For most, even the easiest tasks become a hassle when temperatures start to drop.
But for many workers across the North Fork this week, being out in the cold is just part of the job.
“You can’t take a job outside and not expect to be out in the cold,” said Erek Berntsen, a construction worker at the Glass Greenhouse in Jamesport.
High temperatures reached 20 degrees on the North Fork Wednesday, about 10 to 15 degrees below normal, said Dan Hoffman, a meteorologist at the National Weather Service in Upton.
“The next 36 hours are going to be the coldest,” Mr. Hoffman said. Temperatures will slowly rise into the weekend, reaching the freezing point by Sunday, he said.
Mr. Berntsen had been out in the cold since 7 a.m., cutting pieces of wood to build the rafters of a new farm stand on the property.
A few miles east on Route 25, Bob Boergesson, a Mattituck-Cutchogue School District crossing guard, said wind is the biggest challenge he faces in the cold.
“Layers … [cover] up as much as you can,” he advised. “It’s the wind that gets you.”
On South Harbor Road in Southold, seven LIPA workers were found using a utility trucks to trim trees away from power wires.
“It is extremely cold,” conceded a LIPA foreman, who did not give his name. “Even colder up there.”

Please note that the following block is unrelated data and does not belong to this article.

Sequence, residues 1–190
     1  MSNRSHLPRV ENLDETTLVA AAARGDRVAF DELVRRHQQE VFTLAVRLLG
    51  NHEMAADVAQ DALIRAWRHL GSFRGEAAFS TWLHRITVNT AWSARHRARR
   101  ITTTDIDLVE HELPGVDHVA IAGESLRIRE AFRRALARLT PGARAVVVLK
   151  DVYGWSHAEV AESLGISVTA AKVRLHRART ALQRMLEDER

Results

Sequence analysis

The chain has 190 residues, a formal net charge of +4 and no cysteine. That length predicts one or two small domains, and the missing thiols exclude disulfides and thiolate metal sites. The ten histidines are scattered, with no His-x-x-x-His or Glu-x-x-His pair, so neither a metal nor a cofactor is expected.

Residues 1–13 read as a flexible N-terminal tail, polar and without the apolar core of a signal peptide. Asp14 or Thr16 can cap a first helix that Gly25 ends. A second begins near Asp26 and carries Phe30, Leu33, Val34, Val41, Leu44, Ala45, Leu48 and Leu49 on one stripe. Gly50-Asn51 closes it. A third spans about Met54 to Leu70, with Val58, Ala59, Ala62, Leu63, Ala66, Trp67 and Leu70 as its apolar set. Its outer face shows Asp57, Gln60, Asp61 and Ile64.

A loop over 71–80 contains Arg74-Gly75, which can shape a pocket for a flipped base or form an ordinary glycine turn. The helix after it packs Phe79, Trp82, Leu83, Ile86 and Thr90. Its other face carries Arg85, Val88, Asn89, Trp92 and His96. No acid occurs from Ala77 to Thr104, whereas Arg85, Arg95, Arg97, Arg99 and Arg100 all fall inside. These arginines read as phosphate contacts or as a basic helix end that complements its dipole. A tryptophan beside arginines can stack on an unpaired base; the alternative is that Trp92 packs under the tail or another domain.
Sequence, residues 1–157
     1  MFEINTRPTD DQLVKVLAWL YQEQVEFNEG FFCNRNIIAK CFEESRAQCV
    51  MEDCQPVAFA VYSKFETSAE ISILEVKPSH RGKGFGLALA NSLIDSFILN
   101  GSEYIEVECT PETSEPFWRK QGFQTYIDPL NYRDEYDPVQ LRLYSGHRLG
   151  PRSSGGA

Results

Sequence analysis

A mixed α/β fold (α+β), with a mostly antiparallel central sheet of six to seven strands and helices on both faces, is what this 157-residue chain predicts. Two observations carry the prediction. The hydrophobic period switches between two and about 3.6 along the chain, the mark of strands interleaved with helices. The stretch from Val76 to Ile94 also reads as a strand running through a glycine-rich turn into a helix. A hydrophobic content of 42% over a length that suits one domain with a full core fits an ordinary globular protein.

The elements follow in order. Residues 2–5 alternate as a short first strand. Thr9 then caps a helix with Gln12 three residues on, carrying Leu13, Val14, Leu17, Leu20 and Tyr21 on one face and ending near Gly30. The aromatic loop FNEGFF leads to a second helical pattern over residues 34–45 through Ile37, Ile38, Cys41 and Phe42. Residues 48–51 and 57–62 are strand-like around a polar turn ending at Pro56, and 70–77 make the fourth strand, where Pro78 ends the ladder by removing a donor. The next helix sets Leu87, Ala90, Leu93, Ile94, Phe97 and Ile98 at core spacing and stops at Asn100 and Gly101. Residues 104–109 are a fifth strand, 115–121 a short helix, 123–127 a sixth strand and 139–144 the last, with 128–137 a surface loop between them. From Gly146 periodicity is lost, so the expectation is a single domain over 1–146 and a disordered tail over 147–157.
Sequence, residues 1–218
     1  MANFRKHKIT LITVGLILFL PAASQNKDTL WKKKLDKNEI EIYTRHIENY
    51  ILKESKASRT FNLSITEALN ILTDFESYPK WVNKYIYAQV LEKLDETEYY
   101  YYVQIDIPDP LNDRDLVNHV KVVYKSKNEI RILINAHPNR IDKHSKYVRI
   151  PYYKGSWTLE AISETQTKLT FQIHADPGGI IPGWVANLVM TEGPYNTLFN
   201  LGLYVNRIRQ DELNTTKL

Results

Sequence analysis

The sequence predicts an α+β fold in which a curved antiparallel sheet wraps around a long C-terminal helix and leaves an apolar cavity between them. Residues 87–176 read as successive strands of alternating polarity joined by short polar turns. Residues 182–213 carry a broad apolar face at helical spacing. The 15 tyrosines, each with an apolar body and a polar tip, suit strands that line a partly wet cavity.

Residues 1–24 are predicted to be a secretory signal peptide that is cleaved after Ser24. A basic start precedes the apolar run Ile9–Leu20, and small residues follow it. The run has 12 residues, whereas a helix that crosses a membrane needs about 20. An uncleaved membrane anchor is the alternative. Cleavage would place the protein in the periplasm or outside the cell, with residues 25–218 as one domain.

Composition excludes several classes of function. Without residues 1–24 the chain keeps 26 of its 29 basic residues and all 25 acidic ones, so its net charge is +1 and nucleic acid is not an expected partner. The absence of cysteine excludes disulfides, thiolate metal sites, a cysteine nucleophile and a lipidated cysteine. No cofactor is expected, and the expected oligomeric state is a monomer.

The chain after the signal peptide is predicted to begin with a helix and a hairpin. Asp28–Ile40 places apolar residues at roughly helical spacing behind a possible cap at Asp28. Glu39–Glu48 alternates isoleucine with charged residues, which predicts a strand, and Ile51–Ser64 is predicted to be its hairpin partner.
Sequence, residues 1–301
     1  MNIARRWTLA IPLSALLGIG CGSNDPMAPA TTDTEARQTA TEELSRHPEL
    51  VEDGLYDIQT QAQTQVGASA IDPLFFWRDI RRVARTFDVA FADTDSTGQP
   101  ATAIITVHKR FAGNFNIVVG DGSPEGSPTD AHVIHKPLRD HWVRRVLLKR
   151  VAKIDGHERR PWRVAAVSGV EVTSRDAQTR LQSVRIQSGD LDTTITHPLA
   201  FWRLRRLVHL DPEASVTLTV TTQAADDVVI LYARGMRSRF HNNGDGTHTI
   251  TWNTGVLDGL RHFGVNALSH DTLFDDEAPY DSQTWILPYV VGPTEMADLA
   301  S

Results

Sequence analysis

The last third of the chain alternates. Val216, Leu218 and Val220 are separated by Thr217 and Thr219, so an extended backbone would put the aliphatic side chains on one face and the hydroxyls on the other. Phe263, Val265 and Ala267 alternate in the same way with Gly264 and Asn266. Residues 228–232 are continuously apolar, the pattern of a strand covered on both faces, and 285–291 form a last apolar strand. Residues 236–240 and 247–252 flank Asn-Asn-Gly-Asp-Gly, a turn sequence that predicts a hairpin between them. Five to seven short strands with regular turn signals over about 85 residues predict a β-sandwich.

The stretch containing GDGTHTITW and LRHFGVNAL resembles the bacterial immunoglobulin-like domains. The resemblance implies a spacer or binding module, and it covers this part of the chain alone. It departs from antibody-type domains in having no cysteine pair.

Despite the frigid temperatures, the foreman said worker morale is still high.
“We’re always good,” he said. “We complain, but we get the work done.”
At a local vineyard, laborer Emilio Jebier used a pruner to cut away dead vines from the trellis.
“Good vines means good selection [of grapes] for next year,” Mr. Jebier said while working at Jason’s Vineyard in Jamesport. Mr. Jebier has been tending to vines for 13 years, and said he’s used to working in the cold when he needs to.
Nearby, Herman Salazar of Mattituck was also clipping vines, a black ski mask covering his face from the bitter wind.
A group of half a dozen workers had been out at the vineyard since 7 a.m. and will keep trimming until 4:30 p.m., Mr. Salazar said. The next day, they’ll do it all again. The group works six days a week in the field.
“The snow isn’t bad, the cold [is],” Mr. Salazar said, peeling the ski mask below his face. “Today is very freezing.”
But some workers said this week’s cold weather wasn’t the worse they’ve experienced.
“This is nothing,” said a Suffolk County Water Authority worker on Route 25 in Cutchogue. “When you have a water main break, you’re out there for 24 hours straight in the cold.”
Their advice? Keep busy.
“Working a couple years in this, you get used to it,” said another worker.